When a Broadway production gets slammed by the critics, it closes. When a Philadelphia megaproject is rejected by city planners and residents, the developer simply moves on to the Zoning Board.
So far, every group that has examined Bart Blatstein's proposal for a gargantuan, mixed-use development at Broad and Washington has concluded the design is a disaster in the making. City planners hate the way the parking podium consumes the entire block. Neighbors complain the slablike tower will wall off their part of South Philadelphia. The city's design-review board begged Blatstein to ditch the goofy rooftop shopping village and go back to the drawing board. The citizen-run Design Advocacy Group decried the "forbidding" massing this week in an op-ed.
Even the city's generally easygoing development community has been quietly wondering whether the massive project is financially feasible. "I have been scratching my head trying to understand it," a prominent developer told me, "but it makes no sense."
I also didn't think much of the autocentric design by Cope Linder Architects when I reviewed the project in February. But if I were a betting woman, I would wager Blatstein will get a thumbs-up April 27 from the Zoning Board, the only city development agency with real power. The project needs two technical waivers, called special exceptions - one for aboveground parking, the other for the rooftop village. Such requests are rarely denied.
The inability of planners to shape this major high-rise project speaks volumes about the weakness of the city's review process. Despite years of reforms, the Planning Commission remains a purely advisory board, and therefore a less-than-effective one, because there was no political will to update the now-antique Home Rule Charter, adopted in 1951. The Civic Design Review board, one of the Nutter administration's much-heralded innovations, is similarly toothless.
Under the City Charter, planners can complain. They can cajole. But they can't compel. Only the Zoning Board's word is law.
The weakness of the system isn't as damaging when it involves a couple of clumsily designed rowhouses. But Blatstein's South Broad project is among the biggest residential projects moving through the review process. Spanning a five-acre city block, the 34-story, L-shaped tower is stuffed with stuff: 1,000 apartments, a 650-car garage, dozens of shops. It will dominate the pivot point connecting Center City, South Philadelphia, and the emerging Washington Avenue corridor.
But density isn't what's wrong with Blatstein's proposal. This is a big site, bounded by two wide streets. The issue is how that density is arranged on the site. And that arrangement is entirely driven by Blatstein's insistence on putting the parking in an aboveground garage.
The garage will be wrapped with three, big-box-size retail lots. (Blatstein is said to be negotiating with Target.) To accommodate those stores and the 650-car garage, Blatstein needs to build a multistory podium covering the entire site. The 34-story tower and rooftop village will spring from the top of the podium.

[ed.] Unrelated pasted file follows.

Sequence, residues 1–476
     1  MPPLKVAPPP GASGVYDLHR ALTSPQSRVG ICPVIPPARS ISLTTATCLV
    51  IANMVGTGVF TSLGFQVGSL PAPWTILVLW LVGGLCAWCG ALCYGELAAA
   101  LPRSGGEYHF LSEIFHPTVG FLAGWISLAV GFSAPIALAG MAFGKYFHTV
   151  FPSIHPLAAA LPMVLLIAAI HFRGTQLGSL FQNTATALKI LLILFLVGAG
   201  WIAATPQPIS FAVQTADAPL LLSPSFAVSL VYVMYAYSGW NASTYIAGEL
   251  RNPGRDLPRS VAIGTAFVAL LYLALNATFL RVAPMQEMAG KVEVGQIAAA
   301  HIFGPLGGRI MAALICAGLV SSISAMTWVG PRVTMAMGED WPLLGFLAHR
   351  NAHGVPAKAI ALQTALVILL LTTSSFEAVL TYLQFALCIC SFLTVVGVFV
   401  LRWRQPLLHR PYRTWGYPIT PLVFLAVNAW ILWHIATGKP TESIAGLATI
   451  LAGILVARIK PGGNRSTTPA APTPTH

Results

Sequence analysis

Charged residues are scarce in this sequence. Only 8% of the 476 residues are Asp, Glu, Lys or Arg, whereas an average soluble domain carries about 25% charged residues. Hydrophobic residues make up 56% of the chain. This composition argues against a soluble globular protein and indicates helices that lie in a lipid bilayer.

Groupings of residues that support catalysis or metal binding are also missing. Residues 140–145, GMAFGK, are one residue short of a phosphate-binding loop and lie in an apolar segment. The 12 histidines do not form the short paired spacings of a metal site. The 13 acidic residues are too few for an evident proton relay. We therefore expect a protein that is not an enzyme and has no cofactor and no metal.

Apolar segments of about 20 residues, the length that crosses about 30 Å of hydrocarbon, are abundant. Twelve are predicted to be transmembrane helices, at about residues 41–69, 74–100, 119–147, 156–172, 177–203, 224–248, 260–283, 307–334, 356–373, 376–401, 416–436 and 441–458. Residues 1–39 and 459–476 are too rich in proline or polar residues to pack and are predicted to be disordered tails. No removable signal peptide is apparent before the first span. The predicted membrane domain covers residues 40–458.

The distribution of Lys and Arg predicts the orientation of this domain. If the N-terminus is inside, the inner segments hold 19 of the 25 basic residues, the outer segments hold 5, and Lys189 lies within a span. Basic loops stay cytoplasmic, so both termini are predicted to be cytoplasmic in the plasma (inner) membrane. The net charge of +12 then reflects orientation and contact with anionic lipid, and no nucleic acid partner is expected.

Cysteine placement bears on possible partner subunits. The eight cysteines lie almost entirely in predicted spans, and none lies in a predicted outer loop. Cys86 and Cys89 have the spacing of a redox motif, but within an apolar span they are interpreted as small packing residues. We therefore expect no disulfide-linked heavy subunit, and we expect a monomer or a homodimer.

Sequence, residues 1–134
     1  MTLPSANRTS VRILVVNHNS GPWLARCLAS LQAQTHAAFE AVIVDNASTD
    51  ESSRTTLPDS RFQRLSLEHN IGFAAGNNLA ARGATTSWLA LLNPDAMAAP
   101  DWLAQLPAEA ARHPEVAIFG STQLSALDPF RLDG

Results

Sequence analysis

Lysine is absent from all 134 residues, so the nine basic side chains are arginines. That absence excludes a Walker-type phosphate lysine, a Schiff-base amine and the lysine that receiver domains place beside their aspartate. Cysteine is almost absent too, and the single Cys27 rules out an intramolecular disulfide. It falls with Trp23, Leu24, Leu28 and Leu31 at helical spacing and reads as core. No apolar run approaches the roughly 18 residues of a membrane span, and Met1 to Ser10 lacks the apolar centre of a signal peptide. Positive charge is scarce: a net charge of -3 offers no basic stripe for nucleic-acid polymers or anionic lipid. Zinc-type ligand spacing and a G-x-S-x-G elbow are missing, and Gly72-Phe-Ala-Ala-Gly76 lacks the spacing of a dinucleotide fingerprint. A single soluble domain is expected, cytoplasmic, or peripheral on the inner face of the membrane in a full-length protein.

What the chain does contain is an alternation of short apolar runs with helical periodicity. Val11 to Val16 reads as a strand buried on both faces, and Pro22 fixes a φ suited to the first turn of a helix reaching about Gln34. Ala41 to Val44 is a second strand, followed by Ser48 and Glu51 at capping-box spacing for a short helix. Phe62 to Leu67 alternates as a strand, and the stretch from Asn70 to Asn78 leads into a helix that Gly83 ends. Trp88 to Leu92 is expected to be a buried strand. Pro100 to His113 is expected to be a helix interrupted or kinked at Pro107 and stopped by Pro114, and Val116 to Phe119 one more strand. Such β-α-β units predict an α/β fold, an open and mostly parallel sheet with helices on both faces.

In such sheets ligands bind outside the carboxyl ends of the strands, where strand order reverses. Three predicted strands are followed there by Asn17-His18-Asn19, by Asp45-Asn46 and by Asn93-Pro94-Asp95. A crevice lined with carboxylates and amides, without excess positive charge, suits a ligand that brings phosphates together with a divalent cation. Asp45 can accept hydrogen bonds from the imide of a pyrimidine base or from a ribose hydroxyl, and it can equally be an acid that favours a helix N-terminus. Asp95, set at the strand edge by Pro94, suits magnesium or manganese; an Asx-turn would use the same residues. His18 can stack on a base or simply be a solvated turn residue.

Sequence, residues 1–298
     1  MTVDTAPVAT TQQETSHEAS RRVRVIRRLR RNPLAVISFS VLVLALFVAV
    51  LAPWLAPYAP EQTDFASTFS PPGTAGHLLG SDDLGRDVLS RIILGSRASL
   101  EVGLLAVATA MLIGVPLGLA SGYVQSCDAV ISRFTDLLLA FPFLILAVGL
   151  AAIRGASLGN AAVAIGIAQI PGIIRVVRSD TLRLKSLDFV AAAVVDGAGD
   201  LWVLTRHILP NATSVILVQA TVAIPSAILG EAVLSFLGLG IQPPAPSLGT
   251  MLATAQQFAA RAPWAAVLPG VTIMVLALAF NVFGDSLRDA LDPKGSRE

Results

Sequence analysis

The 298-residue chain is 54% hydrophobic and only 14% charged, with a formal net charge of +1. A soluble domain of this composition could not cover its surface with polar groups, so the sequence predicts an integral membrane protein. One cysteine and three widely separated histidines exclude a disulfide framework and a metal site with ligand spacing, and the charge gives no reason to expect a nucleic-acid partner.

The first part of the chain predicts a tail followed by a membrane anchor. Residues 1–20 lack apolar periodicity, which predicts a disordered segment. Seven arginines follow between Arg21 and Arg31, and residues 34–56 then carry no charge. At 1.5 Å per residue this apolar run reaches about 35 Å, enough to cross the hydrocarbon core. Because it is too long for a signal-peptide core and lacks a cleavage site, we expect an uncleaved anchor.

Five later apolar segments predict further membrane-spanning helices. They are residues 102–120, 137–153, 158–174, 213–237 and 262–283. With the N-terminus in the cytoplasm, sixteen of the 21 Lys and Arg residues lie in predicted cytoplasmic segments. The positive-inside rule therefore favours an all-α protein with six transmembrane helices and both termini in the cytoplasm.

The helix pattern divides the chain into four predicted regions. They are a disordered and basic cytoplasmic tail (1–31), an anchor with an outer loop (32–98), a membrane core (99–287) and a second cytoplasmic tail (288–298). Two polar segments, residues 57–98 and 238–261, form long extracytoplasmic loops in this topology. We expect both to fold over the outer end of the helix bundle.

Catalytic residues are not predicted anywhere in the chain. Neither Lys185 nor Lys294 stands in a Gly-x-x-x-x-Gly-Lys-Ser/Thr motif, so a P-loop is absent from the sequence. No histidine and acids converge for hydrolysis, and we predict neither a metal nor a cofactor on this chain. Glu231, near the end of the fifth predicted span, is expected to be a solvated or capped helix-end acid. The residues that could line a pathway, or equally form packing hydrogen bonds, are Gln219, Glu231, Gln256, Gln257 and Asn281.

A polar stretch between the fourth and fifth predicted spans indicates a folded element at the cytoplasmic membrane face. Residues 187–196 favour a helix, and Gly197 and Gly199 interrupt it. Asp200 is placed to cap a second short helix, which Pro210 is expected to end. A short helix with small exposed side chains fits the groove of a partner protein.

What's so bad about a podium? Sometimes nothing. But this one will cover a huge block. For neighborhood residents who have to walk around the structure, it will be a long, dull slog. It would be far better to divide the block into manageable pieces.
Phasing in a project can be better for the developer. The East Market project across from the Gallery will initially have only one apartment tower, but a second can be added if demand remains strong. Blatstein's project is designed so that he must construct the entire podium all at once. He's gambling he can rent 1,000 apartments at Broad and Washington in one go.
For comparison purposes, consider Lincoln Square, being developed by the Alterra Property Group and MIS Capital. The mixed-use development on the west side of Broad and Washington isn't perfect, but it is likely to sail through the planning reviews. Though the site is smaller, 3.3 acres, and contains a historic, 1876 train shed, Lincoln Square is laid out in three parts. (The project is named for Abraham Lincoln, whose funeral procession stopped on the site.)
Alterra's architect, BLT, put the apartment house where it should be: on the corner. The nine-story building fronts Broad and Washington and will have just 359 units. With so many new apartment buildings going up around Philadelphia, "I'm assuming the market is going to soften," says Alterra's Leo Addimando.
The building will be wrapped with ground-floor shops, scaled to house neighborhood-oriented businesses selling wine or pet supplies. Alterra hopes to land a supermarket but is constructing a separate retail building for that. A pedestrian street will connect Broad and 15th, dividing the site in half. Not only does the street create space for a small plaza and outdoor dining, it opens views of the train shed. Yes, there is still too much aboveground parking (360 spaces), but it doesn't dictate the layout.
For Blatstein, the main purpose of the garage seem to be as a pedestal for a French-style village of shops and apartments, something he attempted at his unrealized Provence casino. But as the owners of the Gallery know all too well, it's hard to get shoppers to venture above the first floor.
That fixation with the village-in-the-sky is the whole reason Blatstein needs a waiver for the garage from the Zoning Board.
Could the board turn down the request? Why not?
Even though technical waivers are routinely granted, there is a legal justification to refuse aboveground parking on Broad Street: It is clearly Planning Commission policy. Denying the garage, and burying the parking, would open up a range of options that would make Blatstein's project more attractive - and more successful.
The Planning Commission might not be able to give Blatstein that message. But the Zoning Board can.